Fat Society Goes to Europe

Focus is on lipids in metabolic health and disease

/ Author:  / Reviewed by: Joseph V. Madia, MD

Every other year the International Society for the Study of Fatty Acids and Lipids (ISSFAL) convenes for the presentation of current research in the field. This year’s meeting in Maastricht, Netherlands, focused on lipids in metabolic health and

disease with a series of presentations on conditions such as the metabolic syndrome (aka Diabetes) and obesity, brain function and mental health, fatty acid metabolism and lipid signaling, maternal and infant health, neuro-inflammation and nutrigenomics (the study of the effects of foods on gene expression) among others. 

Evidence is growing to link dietary omega-3 fatty acids with lower insulin resistance, less fat deposition and improved glucose tolerance in the metabolic syndrome. Other participants reported that animals fed less linoleic acid than is found in western diets and then switched to a western diet had 27% less fat, fewer fat cells and lower blood triglycerides than control animals. It was suggested that increased consumption of omega-3 fatty acids might prevent the metabolic abnormalities associated with the metabolic syndrome, but that once diabetes developed, the effect of omega-3 fatty acids was much less. 

Several presentations argued that omega-3 fatty acids, especially the long-chain ones eicosapentaenoic and docosahexaenoic acids (EPA, DHA, respectively) might improve cognitive function in older adults. Evidence from one study observed that older adults with mildly impaired cognition had less EPA, but more omega-6 docosapentaenoic acid, in their red blood cells. The latter was correlated with poorer performance on two verbal tests and auditory learning. Higher levels of omega-6 docosapentaenoic acid usually occur only in omega-3 fatty acid insufficiency.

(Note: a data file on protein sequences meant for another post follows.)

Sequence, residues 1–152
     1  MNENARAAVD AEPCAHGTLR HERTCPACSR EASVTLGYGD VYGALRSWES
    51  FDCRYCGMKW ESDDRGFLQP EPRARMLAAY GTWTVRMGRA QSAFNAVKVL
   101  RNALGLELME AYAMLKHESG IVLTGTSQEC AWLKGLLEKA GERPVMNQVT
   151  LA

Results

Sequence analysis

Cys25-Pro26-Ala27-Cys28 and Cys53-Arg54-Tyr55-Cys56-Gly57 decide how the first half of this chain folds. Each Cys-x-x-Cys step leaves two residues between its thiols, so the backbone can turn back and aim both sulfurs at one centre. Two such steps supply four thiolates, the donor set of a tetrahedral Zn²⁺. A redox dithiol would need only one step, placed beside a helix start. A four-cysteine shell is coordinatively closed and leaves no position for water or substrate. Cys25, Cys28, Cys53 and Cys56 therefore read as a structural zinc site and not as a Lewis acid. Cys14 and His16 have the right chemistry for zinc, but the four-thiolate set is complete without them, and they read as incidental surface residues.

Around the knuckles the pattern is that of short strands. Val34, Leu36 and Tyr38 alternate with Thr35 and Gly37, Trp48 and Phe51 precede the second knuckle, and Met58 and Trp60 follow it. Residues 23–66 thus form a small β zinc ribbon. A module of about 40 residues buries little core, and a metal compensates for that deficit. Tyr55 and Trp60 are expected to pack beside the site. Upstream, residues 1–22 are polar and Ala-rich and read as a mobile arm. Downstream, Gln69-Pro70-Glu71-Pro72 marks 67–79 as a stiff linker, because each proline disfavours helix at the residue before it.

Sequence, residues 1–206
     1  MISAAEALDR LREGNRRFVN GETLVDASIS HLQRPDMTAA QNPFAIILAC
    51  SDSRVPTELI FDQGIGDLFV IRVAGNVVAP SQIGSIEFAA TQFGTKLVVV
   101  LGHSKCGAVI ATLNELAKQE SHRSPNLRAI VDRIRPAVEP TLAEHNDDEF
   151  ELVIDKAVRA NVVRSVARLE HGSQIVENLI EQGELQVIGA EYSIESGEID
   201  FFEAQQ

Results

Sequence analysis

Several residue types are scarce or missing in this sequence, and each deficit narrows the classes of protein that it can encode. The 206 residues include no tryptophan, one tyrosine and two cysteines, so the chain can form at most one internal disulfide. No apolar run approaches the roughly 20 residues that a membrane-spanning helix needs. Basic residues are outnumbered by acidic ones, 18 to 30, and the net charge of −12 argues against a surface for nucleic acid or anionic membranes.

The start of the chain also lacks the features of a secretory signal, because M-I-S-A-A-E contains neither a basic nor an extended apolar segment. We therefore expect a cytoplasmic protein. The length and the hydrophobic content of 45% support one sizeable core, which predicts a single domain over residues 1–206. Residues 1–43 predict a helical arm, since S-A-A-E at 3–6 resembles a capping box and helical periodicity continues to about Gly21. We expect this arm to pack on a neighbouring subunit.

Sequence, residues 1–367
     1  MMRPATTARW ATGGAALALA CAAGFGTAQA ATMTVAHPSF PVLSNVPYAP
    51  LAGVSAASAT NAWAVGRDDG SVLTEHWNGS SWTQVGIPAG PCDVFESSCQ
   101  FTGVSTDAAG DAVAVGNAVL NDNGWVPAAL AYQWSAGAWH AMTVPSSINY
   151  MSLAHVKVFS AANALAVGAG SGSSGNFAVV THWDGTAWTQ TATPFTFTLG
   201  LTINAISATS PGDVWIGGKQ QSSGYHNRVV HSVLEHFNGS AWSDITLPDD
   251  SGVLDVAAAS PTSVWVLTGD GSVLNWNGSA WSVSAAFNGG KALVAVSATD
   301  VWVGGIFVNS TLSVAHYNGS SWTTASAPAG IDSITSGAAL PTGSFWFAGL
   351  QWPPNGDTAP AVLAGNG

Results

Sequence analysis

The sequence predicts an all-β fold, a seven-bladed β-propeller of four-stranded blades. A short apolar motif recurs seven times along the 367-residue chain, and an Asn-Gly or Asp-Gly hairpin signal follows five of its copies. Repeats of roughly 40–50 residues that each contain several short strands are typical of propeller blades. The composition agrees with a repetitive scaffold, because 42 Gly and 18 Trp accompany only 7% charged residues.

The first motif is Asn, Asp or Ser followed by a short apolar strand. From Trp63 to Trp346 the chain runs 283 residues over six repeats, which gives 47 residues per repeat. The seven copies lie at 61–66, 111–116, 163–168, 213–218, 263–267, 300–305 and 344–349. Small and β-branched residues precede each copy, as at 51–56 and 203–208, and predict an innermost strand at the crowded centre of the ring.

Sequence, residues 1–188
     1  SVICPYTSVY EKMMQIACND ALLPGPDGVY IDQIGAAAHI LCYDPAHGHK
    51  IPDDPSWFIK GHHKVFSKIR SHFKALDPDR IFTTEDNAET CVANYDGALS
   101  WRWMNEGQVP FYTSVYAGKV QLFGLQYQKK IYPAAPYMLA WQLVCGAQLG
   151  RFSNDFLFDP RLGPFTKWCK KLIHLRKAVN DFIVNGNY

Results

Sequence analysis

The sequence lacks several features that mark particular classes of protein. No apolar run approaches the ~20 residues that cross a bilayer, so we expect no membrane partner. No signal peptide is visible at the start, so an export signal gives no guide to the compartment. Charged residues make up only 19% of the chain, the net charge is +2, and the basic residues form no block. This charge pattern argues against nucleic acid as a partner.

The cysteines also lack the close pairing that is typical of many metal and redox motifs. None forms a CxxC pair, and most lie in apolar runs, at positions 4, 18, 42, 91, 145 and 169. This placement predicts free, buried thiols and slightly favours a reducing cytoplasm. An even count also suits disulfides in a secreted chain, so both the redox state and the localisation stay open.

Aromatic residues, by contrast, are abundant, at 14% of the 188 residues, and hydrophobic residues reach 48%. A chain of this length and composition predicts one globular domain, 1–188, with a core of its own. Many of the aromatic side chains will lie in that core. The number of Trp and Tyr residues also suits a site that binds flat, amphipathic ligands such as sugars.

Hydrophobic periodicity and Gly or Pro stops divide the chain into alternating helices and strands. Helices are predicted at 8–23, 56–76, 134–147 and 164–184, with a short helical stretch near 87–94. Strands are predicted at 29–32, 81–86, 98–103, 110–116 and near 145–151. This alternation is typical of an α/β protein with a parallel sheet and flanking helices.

A provocative presentation raised the possibility that insufficient dietary DHA in the US military might be linked to higher soldier deaths from suicide than from combat. If established, such findings would support current evidence that low DHA status is a risk factor for suicide. 

This current issue of the PUFA Newsletter returns to the question of whether omega-3 fatty acids are associated with lower total mortality and asks whether the question is relevant. Another article confirms reports of the low intakes of DHA in US toddlers, but reports significantly fewer cases of bronchiolitis among infants with the highest levels of DHA in their red blood cells. Two papers identify new clinical conditions associated with omega-3 fatty acids. One suggests that premenopausal women with higher intakes of omega-3 fatty acids have a significantly lower chance of developing endometriosis. Another links higher long-chain omega-3s with a lower risk of age-related hearing loss. In another article, authors from the University of Oklahoma describe mutation in a retinal protein that results in a rare type of macular degeneration. This abnormality results in a failure to make very-long-chain polyunsaturated fatty acids via chain-lengthening. The investigators showed that this mutation is not involved in the synthesis of DHA, which also requires chain elongation. What are these very-long-chain fatty acids doing in the retina?


By Joyce A. Nettleton, DSc

Editor, PUFA Newsletter and Fats of Life


Reviewed by: 
Review Date: 
September 27, 2010